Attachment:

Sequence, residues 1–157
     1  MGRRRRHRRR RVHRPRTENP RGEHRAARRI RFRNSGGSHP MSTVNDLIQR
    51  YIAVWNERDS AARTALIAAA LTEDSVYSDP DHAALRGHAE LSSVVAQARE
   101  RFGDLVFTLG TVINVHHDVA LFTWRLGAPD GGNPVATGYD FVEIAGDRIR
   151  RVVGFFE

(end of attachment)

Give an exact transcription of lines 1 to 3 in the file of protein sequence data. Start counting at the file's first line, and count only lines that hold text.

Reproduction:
Sequence, residues 1–157
     1  MGRRRRHRRR RVHRPRTENP RGEHRAARRI RFRNSGGSHP MSTVNDLIQR
    51  YIAVWNERDS AARTALIAAA LTEDSVYSDP DHAALRGHAE LSSVVAQARE